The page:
An ordinary Voronoi diagram is formed by a set of points in the plane called
the generators or generating points. Every point in the plane
is identified with the generator which is closest to it by some metric. The
common choice is to use the Euclidean distance metric
are any two
points in the plane. The set of points in the plane
identified with a particular generator form that generator's Voronoi region,
and the set of Voronoi regions covers the entire plane.
Figure 1 illustrates a set of generating points and their
associated Voronoi regions.
Voronoi diagram with generators (large dots)
and centroids (small dots)
We implemented the the fast 3D graphics hardware-based algorithm in
Hoff  and originally in  to compute our
Voronoi diagrams. The algorithm
draws a set of right cones with their apexes at each generator. The cones
all have the same height and are viewed from above the apexes with an
orthogonal projection. In addition, each cone is given a unique colour
which acts as the generator's identity. Since the cones must intersect if
there is more than one generator, the z-buffer determines for each pixel
which cone is closer to the viewer and assigns that pixel the appropriate
We can then scan the resulting image and determine which generator is
closest to each pixel by using the unique colours. This
technique allows us to compute discrete Voronoi diagrams extremely quickly and
perform computations on the resulting regions.
A centroidal Voronoi diagram has the odd property that each
generating point lies exactly on the centroid of their Voronoi region.
The centroid of a region is defined as
Centroidal Voronoi Diagrams
where is the region, is the position and
is the density function. For a region of constant density , the
centroid can be considered as the centre of mass. Figure 1
has the centroids of each region marked with small circles.
A centroidal Voronoi
diagram is a minimum-energy configuration in the sense that it minimises
Practically speaking, a centroidal distribution of points is useful because
the points are well-spaced in a definite sense. Figure
2 shows a centroidal Voronoi diagram.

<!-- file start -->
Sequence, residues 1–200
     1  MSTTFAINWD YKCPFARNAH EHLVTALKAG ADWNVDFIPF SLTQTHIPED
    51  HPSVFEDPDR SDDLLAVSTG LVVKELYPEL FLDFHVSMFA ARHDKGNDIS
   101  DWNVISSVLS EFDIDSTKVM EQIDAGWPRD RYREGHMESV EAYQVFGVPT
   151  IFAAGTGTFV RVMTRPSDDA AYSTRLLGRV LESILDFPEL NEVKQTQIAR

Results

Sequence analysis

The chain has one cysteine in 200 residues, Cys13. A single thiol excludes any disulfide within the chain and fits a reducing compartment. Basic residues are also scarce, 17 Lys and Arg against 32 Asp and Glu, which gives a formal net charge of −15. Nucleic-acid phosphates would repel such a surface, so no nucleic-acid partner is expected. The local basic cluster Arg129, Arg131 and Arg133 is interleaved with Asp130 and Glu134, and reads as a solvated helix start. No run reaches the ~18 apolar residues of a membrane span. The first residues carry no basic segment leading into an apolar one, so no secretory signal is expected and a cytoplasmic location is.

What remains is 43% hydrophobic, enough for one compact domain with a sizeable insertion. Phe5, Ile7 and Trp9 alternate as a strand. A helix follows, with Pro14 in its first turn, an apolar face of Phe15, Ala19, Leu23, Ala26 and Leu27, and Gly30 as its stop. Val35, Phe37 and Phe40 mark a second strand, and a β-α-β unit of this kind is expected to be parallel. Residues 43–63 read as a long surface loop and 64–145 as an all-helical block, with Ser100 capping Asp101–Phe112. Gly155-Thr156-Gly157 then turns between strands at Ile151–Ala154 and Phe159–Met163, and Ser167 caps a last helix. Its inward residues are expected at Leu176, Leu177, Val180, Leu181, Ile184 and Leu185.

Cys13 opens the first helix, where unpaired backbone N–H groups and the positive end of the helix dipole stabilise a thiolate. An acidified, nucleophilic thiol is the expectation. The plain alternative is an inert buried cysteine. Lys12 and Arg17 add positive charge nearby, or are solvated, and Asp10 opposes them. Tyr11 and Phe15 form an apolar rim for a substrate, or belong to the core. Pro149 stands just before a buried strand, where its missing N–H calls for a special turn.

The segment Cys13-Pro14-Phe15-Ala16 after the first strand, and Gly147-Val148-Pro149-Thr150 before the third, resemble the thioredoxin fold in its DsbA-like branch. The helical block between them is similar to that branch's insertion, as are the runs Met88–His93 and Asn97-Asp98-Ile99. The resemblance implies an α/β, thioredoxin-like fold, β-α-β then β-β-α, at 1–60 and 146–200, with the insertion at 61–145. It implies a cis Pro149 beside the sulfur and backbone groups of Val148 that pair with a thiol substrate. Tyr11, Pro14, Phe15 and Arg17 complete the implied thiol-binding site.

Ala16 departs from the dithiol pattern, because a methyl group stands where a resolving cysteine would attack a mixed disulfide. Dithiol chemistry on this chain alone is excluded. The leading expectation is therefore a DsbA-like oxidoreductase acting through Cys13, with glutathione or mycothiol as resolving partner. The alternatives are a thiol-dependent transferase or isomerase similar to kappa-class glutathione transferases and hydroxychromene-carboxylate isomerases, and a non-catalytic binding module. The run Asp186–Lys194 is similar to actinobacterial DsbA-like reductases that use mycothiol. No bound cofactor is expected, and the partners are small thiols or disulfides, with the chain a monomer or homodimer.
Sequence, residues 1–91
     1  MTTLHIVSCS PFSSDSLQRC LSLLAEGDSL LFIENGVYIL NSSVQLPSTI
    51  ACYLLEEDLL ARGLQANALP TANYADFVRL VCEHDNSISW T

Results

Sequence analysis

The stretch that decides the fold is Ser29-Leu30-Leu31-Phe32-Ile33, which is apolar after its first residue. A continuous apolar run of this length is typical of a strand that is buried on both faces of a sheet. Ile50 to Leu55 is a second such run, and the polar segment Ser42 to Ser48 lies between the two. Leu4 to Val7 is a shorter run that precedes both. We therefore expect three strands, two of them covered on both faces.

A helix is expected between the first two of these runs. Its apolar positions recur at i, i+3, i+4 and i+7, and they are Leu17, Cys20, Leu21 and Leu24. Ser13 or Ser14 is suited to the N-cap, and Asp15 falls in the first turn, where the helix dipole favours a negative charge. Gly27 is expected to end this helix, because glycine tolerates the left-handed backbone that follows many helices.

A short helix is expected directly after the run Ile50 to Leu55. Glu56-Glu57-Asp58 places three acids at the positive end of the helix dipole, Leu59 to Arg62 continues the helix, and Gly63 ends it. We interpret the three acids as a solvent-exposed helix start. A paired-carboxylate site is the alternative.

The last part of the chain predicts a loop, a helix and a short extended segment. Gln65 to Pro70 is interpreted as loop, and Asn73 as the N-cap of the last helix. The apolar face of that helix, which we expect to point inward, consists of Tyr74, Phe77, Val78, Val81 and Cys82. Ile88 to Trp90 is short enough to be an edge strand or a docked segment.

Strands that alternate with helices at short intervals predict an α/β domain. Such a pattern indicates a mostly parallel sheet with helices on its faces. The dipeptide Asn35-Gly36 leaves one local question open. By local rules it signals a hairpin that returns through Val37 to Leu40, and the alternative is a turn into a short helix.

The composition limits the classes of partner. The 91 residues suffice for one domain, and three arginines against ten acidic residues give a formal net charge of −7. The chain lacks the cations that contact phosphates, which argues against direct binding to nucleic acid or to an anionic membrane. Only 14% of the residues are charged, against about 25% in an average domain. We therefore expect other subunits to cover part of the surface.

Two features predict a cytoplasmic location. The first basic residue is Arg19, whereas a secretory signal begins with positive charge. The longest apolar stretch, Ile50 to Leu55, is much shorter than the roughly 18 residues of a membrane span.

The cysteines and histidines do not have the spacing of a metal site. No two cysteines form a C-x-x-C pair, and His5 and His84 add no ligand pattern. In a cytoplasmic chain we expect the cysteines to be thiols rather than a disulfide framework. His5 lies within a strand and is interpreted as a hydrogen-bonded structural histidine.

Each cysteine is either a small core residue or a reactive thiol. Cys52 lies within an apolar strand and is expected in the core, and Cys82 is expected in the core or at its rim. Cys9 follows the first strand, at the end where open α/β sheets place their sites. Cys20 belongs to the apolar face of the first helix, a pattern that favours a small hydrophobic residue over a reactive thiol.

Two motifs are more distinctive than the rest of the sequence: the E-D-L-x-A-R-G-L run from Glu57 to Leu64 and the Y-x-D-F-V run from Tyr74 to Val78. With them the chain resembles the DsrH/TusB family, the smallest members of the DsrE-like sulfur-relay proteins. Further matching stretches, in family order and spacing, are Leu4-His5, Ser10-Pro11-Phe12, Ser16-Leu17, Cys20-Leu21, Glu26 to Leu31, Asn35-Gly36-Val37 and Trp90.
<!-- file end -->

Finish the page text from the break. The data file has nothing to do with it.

Centroidal Voronoi diagram with generators
Lloyd's method  is an iterative algorithm to
generate a centroidal Voronoi diagram from any set of generating points. The
algorithm can simply be stated:
Generating Centroidal Voronoi Diagrams
Figure 1 relaxes under Lloyd's algorithm to become
Figure 2. The convergence of Lloyd's algorithm
to a centroidal Voronoi diagram has been proven for the one-dimensional
case and higher dimensions seem to act similarly .
There are several different
convergence criteria which should be equivalent in the limiting case as the
algorithm runs forever. The obvious criteria to use would be that the computed
centroids are numerically equal to the generating points. However,
for most applications this criteria is far too stringent and it would be
perhaps better to look at the average distance moved by all generating points.
Since we are interested in generating well-spaced sets of points, we look
at the average change in inter-point distance, or equivalently, the average
change in Voronoi region area.
Calculating the centroids requires efficiently evaluating the integrals in
equation (1). Since the integrals are over
arbitrary Voronoi regions, we convert to iterated integrals and integrate
the region row by row. In this manner we can precompute much of the integral.
Efficient Computation of Centroids
The denominator of the centroid is transformed as follows:
can be precomputed from the
Note that we cannot precompute the entire integral because we do
not know the boundaries of the Voronoi regions beforehand.
The numerator of the y-coordinate of the centroid is transformed similarly:
The numerator of the x-coordinate of the centroid involves integration
can also be precomputed from the
Note that the final expressions require numerical integration only in the
and otherwise involve expressions only at the region boundaries and
. and are precomputed once from the density function and then
evaluated at the horizontal endpoints and as needed.
This allows us to compute the integrands
only at region boundaries and not at every pixel. Otherwise we would have
to compute the integrands and for every span of pixels
across a region and numerically integrated.
The above integrand computation is particularly simple - at worst two
lookups for and , a multiplication and a subtraction.
One disadvantage of using a discrete calculation of the Voronoi regions is the
centroids calculation is effected by the resolution of the diagram. The
relative error of the calculated centroid location will increase as the number
of pixels in the Voronoi region decreases. A related problem is that if
the resolution is low enough, two generating points can effectively overlap
and one of the regions will disappear. The solution, as described in
, is to split the diagram into tiles and compute each
tile at the full resolution available and then stitch the full diagram back
together at a higher virtual resolution. The virtual resolution can be
increased arbitrarily to meet a lower bound on Voronoi region pixel area.
Resolution of Voronoi Calculation
- Recall that